Q7. Can diet or exercise affect the development of depression?


We identified evidence for the role of diet in the treatment or prevention of depression from 2 narrative reviews110 111 and 13 observational studies.112–124 One review110 111 found that the importance of good nutrition for mental health is supported in the literature, especially for older populations, and the second110 found that Western diets might be associated with a higher risk of depression. Of the observational studies, two studies113 116 reported that dietary patterns were not associated with depression risk or development, but one116 noted that overall caloric intake was inversely related to depression in older people. Three studies121–123 found that moderate adherence to a certain diet type was associated with lower rates of depression. The remaining studies investigated specific nutrients. Five studies114 118–120 124 examined fish or the consumption of specific fatty acids. One120 reported no association between fat intake and depression; another119 found no relationship between omega-3 polyunsaturated fatty acids (PUFA) and depression, but reported an inverse relationship between α-linoleic acid and depressive symptoms. Two studies114 118 reported an inverse relationship between depression risk and fish consumption. One study123 found that higher trans fatty acid consumption was associated with a higher risk of depression, as well as an inverse association between monounsaturated fatty acids, PUFA or olive oil consumption and depression. Of the remaining studies, one117 found no association between zinc intake and depression risk, one115 found a moderate positive relationship between dietary fibre intake and depression rates and one112 reported that higher flavonoid intake may decrease the risk of developing depression.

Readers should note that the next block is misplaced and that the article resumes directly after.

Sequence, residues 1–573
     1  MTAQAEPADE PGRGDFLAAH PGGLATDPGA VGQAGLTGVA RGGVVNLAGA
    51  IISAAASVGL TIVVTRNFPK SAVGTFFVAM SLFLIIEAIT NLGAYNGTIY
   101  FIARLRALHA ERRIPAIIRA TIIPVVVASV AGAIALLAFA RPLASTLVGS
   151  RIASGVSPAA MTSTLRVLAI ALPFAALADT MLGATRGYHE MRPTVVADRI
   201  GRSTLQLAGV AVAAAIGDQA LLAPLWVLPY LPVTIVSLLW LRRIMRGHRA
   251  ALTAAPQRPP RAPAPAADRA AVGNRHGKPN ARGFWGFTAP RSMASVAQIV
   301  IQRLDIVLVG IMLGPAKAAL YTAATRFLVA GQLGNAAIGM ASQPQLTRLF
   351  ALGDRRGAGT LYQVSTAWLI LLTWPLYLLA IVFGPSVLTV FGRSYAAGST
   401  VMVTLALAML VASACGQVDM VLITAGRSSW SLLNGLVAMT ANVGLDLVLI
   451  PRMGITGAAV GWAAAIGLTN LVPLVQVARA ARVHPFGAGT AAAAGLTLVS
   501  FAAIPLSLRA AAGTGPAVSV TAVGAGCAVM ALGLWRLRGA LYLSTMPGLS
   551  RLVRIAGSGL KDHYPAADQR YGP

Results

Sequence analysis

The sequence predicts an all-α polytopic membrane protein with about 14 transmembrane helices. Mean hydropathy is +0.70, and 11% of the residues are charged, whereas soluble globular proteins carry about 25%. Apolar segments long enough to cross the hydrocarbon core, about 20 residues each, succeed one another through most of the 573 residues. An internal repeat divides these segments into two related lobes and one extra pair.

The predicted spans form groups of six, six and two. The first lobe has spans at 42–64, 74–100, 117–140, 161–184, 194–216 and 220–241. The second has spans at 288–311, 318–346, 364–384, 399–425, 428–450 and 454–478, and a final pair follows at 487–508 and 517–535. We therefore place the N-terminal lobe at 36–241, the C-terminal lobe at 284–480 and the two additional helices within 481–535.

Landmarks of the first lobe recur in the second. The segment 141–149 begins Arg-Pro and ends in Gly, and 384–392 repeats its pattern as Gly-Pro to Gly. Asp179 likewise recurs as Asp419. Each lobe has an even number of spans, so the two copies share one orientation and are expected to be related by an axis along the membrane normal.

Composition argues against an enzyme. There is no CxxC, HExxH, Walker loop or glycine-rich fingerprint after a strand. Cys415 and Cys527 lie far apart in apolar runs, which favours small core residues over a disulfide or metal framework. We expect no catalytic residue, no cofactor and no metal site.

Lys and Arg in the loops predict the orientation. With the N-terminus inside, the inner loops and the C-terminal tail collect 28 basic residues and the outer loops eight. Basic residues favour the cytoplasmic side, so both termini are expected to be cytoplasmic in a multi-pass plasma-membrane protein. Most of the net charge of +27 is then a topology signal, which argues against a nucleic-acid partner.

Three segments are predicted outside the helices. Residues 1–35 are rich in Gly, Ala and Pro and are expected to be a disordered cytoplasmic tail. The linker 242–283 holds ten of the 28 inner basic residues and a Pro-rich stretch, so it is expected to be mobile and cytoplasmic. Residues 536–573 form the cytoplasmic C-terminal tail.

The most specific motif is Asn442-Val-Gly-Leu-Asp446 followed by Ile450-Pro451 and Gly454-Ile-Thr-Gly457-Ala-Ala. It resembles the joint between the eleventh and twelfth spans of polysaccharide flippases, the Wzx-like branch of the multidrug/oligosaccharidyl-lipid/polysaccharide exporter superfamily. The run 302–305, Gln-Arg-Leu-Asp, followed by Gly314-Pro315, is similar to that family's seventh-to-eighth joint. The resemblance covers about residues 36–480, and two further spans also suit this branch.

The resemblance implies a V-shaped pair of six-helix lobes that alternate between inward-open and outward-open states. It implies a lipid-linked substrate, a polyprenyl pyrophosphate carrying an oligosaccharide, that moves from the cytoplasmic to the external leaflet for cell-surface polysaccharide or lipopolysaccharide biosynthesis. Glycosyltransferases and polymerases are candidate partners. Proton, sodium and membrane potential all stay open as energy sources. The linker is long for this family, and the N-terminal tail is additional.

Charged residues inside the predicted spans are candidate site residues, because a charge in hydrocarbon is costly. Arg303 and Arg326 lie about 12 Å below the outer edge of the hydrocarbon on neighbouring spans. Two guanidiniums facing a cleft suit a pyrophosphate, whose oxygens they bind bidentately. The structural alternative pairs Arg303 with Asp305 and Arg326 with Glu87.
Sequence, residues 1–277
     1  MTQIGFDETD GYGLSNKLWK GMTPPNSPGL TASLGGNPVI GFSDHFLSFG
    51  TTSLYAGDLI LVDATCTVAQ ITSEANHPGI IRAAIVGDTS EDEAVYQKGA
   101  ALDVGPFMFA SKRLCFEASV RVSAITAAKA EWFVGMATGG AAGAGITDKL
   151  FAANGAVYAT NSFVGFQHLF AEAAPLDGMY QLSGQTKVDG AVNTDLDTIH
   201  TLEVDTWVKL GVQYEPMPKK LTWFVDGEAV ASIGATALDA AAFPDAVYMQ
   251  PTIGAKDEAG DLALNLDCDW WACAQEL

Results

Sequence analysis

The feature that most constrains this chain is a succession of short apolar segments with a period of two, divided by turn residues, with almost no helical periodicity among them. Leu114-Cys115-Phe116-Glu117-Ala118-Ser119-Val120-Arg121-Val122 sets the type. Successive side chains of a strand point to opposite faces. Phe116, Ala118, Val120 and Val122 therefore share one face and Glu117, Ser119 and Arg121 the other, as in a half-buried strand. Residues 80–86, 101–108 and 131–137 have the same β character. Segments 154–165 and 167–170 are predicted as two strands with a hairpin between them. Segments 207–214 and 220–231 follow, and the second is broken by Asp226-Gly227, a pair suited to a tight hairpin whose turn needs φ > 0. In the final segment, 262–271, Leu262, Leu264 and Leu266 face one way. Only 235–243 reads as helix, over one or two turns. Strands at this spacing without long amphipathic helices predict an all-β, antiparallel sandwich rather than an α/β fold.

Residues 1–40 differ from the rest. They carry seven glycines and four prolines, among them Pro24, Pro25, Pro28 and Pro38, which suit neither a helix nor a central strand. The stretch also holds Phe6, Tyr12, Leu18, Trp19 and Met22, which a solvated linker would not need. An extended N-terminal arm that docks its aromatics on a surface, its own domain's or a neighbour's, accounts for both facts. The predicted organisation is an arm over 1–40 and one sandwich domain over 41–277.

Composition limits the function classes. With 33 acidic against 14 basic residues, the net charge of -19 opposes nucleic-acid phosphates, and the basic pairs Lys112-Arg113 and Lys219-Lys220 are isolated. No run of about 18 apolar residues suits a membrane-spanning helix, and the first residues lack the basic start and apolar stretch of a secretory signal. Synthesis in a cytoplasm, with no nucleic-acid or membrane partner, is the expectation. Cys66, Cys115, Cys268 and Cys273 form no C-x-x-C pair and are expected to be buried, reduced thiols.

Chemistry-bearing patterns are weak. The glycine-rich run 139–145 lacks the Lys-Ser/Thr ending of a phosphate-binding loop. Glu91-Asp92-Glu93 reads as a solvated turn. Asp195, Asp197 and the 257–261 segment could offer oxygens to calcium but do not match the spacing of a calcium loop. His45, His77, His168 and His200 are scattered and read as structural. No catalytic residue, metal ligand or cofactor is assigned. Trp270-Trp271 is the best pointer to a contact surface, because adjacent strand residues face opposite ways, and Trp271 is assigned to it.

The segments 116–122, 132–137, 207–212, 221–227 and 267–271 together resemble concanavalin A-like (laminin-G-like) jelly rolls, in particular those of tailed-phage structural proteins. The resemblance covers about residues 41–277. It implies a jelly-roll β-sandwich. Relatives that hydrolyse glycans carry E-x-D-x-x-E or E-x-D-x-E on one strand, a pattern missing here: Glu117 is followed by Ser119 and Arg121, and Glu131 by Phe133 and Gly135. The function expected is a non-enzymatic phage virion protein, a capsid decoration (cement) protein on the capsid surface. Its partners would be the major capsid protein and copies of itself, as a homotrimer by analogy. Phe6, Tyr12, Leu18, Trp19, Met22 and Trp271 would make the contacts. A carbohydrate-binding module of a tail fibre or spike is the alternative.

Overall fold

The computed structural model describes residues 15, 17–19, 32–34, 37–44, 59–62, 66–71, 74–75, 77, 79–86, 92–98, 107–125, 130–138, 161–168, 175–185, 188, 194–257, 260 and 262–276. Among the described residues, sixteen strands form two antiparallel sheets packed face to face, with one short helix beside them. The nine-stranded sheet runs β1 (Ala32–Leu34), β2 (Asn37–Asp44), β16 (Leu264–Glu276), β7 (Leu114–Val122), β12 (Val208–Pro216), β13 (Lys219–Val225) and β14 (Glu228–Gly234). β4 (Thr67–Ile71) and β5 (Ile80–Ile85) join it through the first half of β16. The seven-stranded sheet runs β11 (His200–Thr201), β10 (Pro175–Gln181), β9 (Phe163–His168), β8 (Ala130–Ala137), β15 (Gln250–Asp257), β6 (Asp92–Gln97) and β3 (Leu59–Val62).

Exercise and depression

Twenty-five SRs125–151 provided evidence regarding the role of exercise in the treatment or prevention of depression. Two SRs focusing on adolescents with depression125 142 found exercise to be effective in reducing depression symptoms. Three SRs found exercise effective for depressive symptoms in elderly patients, with one concluding that exercise had a large antidepressant effect,149 one finding no difference between exercise and antidepressant drugs147 and the third finding exercise in conjunction with antidepressants to be effective in elderly patients with treatment resistant depression.137 Two reviews looked at exercise for depression in special populations, with one finding reduced symptoms in pregnant women,151 and the other finding the same result in patients with chronic disease.132 Three reviews found exercise to be effective as an adjunct to other therapy, including pharmacological or psychosocial.127 138 144 Two reviews133 136 did not find sufficient evidence to suggest a benefit of exercise. The remaining reviews found exercise a favourable intervention in terms of symptom reduction or relapse prevention, with exercise providing additional benefit over no treatment or demonstrating no difference from pharmacological or psychological treatments.126 128 130 135 139–141 143 148

Diet, exercise and depression